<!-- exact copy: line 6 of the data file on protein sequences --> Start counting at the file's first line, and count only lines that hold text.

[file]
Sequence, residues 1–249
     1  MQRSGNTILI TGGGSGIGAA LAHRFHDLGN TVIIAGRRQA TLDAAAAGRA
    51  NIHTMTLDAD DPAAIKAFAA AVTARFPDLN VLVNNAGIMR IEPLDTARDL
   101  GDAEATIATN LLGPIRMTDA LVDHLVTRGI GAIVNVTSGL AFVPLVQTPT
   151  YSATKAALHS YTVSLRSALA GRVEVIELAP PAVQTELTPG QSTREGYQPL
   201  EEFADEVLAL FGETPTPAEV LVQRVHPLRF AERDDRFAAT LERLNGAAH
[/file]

   201  EEFADEVLAL FGETPTPAEV LVQRVHPLRF AERDDRFAAT LERLNGAAH